Full story on the CNN Political Ticker


Filed under: 360° Radar
December 1st, 2010
05:26 PM ET

Beat 360° 12/1/10

Ready for today's Beat 360°? Everyday we post a picture you provide the caption and our staff will join in too. Tune in tonight at 10pm to see if you are our favorite! Here is the 'Beat 360°' pic:

England 2018 Bid Ambassador David Beckham, Prince William and British Prime Minister David Cameron during a reception at the Steigenberger hotel a day before the FIFA 2018 and 2022 World Cup Bid Announcement on December 1, 2010. (Photo credit: Anthony Devlin – Pool/Getty Images)

Have fun with it. We're looking forward to your captions! Make sure to include your name, city, state (or country) so we can post your comment.

Update: Beat 360° Winners:

Staff
Justine Redman
“More popular than a prince, more recognized than a world leader... it is a little embarrassing.”


Viewer

Jackie T
“David Beckham was embarrassed when he mistook the Prime Minister for Piers Morgan.”

___________________________________________________________________________Beat 360° Challenge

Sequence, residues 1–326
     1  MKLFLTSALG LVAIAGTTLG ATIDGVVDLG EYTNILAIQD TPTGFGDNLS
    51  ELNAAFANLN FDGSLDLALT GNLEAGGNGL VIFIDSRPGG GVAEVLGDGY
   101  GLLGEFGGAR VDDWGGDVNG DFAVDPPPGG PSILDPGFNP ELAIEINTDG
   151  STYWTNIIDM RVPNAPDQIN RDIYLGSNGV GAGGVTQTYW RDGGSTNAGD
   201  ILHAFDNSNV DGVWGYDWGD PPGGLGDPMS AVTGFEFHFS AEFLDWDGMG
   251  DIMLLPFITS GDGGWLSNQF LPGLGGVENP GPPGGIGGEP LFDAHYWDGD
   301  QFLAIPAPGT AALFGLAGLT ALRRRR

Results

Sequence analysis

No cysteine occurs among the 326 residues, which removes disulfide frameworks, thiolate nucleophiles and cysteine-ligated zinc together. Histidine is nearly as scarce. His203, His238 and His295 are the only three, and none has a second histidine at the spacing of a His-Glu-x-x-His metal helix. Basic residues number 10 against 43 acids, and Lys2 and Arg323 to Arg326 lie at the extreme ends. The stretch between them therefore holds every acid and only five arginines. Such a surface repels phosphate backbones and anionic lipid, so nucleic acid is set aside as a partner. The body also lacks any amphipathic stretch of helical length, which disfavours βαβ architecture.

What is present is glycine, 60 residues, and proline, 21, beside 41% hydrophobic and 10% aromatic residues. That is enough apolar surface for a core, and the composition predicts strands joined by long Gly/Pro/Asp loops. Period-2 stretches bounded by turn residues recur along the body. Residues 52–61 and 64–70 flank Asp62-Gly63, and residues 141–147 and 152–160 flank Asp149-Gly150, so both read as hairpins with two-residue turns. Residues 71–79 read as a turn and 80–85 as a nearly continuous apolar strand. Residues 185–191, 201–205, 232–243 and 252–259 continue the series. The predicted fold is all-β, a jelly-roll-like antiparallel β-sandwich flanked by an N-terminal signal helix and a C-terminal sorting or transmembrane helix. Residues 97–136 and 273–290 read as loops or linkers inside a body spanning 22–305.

Filed under: Beat 360° • T1
December 1st, 2010
04:15 PM ET

House to vote on Rangel censure

Deirdre Walsh and Brianna Keilar
CNN

Washington (CNN) – The full House of Representatives is expected to vote Thursday on the House ethics committee's recommendation to censure New York Democratic Rep Charles Rangel.

House Majority Leader Steny Hoyer, who handles the House floor schedule, told reporters Wednesday that he informed Rangel and Rep Zoe Lofgren, the chair of the ethics committee, that the committee's report would be considered Thursday afternoon.

After a lengthy investigation, the House ethics committee found Rangel guilty on 11 counts of violating House rules, including failing to pay taxes on a vacation home in the Dominican Republic and improperly using his office to raise money for an educational center bearing his name. On November 18th the committee voted 9-1 to recommend that the House censure Rangel and that he pay restitution for any unpaid taxes. The committee's rules require that its report be presented to the House for a vote.

In addition to a formal House vote, censure also requires that Rangel stand in the well of the House as the resolution rebuking his actions is read aloud by the Speaker of the House. The House has one hour to debate the report from the committee before it votes.

Rangel reached out to his supporters in an email on Wednesday apologizing for his actions, but calling the penalty excessive and asking supporters to call House Members and urge them to oppose the censure resolution.

Full story on the CNN Political Ticker